HC Deb 10 April 1878 vol 239 cc1042-71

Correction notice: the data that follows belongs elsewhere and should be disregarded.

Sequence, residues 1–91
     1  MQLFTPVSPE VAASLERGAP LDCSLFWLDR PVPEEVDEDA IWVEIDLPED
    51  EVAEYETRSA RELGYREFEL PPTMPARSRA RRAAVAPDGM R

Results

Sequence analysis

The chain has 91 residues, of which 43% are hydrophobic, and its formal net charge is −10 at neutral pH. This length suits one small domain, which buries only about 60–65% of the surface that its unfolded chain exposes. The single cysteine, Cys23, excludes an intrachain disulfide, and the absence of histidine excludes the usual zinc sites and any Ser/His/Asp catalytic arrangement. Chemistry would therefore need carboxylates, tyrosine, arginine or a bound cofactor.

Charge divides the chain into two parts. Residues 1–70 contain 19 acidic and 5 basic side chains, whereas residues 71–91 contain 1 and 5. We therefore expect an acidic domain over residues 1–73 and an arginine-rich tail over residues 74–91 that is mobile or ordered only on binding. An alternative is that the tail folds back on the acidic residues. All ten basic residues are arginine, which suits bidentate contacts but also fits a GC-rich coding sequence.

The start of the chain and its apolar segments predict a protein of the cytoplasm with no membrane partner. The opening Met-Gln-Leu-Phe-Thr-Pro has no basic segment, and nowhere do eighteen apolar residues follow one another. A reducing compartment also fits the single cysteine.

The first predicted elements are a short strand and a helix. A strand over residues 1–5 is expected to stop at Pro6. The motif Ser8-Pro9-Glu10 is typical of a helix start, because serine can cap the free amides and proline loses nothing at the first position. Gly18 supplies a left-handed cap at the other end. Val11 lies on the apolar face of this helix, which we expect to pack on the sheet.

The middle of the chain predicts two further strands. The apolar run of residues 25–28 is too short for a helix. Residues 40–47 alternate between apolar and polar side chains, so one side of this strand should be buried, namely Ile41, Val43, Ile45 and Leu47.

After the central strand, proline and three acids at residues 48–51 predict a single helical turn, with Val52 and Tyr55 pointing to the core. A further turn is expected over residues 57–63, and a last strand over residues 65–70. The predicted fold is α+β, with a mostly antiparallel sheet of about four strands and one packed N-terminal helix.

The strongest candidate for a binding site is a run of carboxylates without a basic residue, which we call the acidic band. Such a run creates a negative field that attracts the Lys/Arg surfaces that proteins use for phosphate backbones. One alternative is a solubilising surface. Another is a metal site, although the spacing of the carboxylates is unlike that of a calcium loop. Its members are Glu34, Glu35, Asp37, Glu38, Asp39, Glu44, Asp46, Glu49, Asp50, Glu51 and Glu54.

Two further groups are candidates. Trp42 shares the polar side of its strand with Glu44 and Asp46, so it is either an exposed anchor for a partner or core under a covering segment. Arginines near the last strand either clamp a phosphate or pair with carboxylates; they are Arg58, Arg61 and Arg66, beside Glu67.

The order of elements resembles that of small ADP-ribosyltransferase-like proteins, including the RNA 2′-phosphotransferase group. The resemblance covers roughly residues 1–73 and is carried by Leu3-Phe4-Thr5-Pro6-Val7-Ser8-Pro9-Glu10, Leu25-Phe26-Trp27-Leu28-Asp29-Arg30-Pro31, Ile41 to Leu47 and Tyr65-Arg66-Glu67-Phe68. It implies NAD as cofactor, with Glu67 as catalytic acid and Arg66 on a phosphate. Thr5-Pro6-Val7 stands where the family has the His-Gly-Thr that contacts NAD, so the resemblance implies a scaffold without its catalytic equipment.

Order for Second Reading read.